(24:29) This passage occurs “after the tribulation of those days.” This means that the “great tribulation” (v.21) has past, and this is ended with the return of Christ. The imagery of the sun, moon, and stars is most likely phenomenological language describing the cataclysmic return of Christ.
(24:30) Jesus will literally return—just as he literally left (Acts 1:11).
(24:31) Jesus will use angelic agency to gather believers at this time. Remember, these believers just escaped the final world war—a war that would’ve ended all life on Earth (v.22). Thus these believers are probably in bad shape and in need of rescue.
(24:32-33) Jesus has just finished listing a number of events that need to occur before his return. When believers see these events finally happening, they will know that Jesus’ return is “near.”
(24:34) When these things occur, this is the final generation of the human race. Our failed experiment of human rebellion will almost be over.
(24:35) Jesus’ predictions seem hard to understand and maybe hard to believe. But here, Jesus reaffirms the veracity of his words. It’s as if Jesus is saying, “This is going to go down exactly as I’ve predicted it.”
(24:36) We can know the general time of Jesus’ return, but we cannot know the exact time of Jesus’ return.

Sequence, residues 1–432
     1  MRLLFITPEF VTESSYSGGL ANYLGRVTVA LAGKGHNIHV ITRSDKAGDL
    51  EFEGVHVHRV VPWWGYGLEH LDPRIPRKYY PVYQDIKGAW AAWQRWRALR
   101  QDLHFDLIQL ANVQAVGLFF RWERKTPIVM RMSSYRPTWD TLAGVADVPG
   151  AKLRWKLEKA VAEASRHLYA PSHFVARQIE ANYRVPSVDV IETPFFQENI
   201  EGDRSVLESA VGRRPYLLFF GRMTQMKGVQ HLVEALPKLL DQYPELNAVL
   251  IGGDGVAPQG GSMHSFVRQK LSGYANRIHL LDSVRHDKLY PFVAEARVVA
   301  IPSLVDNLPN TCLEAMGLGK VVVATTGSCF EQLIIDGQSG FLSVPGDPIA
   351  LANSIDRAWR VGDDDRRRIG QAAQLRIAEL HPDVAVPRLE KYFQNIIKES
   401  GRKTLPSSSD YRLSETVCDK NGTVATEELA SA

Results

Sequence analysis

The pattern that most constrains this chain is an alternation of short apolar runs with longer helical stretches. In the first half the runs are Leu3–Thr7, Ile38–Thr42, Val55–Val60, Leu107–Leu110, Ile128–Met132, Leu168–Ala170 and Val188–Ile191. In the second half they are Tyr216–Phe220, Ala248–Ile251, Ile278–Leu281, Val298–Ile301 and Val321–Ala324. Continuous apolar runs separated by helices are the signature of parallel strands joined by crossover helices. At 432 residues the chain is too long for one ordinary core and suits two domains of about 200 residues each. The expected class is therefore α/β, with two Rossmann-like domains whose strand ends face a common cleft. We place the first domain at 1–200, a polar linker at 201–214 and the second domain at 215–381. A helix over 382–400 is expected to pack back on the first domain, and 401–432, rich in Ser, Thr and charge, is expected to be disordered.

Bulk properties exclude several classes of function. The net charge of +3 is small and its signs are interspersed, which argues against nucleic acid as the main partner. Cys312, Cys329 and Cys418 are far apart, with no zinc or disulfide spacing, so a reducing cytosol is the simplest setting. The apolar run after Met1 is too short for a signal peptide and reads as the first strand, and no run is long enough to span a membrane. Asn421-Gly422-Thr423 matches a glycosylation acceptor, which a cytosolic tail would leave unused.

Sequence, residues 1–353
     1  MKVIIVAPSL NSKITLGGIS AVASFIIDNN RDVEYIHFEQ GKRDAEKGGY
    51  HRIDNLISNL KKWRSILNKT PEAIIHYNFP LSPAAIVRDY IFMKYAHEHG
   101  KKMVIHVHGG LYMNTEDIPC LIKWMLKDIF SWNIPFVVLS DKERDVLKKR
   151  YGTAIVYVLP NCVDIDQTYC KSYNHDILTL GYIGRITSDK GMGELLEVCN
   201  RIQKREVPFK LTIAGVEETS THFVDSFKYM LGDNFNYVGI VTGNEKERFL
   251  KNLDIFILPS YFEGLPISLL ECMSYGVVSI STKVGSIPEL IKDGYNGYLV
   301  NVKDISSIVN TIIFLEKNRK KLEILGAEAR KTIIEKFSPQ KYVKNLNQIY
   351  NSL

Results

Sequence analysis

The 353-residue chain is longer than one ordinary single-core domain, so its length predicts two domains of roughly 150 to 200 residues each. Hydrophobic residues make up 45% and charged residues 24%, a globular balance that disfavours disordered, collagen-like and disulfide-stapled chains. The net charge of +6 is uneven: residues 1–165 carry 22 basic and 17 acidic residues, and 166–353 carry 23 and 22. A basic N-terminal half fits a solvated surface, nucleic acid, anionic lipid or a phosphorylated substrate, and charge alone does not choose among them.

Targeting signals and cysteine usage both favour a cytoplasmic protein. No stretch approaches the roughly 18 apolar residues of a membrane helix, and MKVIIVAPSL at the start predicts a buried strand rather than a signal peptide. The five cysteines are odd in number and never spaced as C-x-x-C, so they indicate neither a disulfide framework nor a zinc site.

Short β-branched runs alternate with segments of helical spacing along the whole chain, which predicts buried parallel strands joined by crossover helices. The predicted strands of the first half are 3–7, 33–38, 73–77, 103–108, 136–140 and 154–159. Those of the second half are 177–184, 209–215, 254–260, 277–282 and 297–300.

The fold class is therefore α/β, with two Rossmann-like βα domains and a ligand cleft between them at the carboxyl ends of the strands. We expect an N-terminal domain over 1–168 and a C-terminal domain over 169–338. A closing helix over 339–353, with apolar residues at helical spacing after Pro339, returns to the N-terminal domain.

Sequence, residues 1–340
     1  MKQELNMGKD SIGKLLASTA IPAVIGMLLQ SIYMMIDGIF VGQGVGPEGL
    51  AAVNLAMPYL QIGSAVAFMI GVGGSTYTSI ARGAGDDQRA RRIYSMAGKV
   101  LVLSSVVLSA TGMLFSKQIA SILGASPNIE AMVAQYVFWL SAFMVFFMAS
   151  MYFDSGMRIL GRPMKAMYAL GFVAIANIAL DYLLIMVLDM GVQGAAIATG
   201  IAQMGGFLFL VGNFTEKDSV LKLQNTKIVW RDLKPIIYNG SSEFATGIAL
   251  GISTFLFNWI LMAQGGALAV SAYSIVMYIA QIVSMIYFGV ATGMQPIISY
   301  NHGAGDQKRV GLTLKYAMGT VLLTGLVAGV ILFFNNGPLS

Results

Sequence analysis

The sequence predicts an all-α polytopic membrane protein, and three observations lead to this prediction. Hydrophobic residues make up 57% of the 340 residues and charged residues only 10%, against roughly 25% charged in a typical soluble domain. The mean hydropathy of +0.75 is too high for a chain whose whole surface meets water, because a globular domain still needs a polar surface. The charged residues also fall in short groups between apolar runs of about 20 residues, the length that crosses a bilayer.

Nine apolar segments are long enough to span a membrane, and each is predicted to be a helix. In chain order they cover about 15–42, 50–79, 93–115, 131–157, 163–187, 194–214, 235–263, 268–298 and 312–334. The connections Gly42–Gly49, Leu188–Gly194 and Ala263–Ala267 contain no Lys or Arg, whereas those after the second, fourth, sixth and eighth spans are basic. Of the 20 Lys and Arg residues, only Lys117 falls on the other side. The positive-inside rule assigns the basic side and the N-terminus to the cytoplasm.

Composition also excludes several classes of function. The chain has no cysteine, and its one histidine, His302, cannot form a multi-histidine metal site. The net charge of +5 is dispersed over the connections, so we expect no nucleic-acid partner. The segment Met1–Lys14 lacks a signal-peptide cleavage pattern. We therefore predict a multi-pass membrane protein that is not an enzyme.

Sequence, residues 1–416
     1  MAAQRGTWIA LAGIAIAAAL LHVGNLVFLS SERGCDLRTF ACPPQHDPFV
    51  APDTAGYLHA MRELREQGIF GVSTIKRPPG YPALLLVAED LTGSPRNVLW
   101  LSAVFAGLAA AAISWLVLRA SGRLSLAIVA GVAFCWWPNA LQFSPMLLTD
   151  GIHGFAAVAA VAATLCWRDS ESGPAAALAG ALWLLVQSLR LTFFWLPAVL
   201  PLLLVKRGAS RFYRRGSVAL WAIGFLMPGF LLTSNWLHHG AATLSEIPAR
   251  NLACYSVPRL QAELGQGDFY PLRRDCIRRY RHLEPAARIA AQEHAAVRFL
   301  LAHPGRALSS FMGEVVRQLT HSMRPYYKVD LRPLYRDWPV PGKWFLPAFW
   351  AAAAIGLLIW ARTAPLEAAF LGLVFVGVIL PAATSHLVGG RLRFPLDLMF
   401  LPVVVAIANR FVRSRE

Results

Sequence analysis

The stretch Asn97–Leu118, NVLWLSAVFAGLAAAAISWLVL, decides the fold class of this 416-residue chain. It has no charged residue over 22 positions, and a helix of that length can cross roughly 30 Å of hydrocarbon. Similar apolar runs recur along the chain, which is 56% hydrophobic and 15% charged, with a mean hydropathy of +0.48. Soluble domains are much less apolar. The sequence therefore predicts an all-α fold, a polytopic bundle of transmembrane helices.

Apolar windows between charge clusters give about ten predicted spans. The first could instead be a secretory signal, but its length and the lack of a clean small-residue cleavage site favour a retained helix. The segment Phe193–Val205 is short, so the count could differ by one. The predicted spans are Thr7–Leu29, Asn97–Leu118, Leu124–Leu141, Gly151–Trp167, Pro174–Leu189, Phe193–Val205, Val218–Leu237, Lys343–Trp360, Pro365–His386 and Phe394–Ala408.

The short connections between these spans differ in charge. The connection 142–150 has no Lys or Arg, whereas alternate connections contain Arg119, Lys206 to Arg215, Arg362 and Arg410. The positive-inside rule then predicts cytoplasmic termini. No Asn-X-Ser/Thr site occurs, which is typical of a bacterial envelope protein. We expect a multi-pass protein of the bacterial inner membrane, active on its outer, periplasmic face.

Since Jesus had given up the use of his divine attributes (see “The Incarnation”), he willingly gave up his access to this information. To be clear, Jesus still had the attribute of omniscience, but he laid aside the use of this attribute in his incarnation.
(24:37-39) Many Futurist interpreters understand this passage to refer to the moral depravity of humanity during this time. We are sympathetic to this view, because Scripture elsewhere teaches that the end of history will be time of severe moral depravity (2 Tim. 3:1-7).
However, this seems like an example of “right message, wrong passage.” Jesus is not comparing the moral quality of the people, but rather the suddenness of God’s judgment. Jesus doesn’t mention the sins of the people in Noah’s day; instead, he refers to morally benign acts like “eating,” “drinking,” and “marrying.” His point is that the people of Noah’s day were clueless about their impending judgment “until the day that Noah entered the Ark.” The people in Noah’s day didn’t see the coming judgment until after it was too late. Similarly, since “no one knows the day or the hour,” we should live in a state of constant readiness for the return of Jesus (v.44).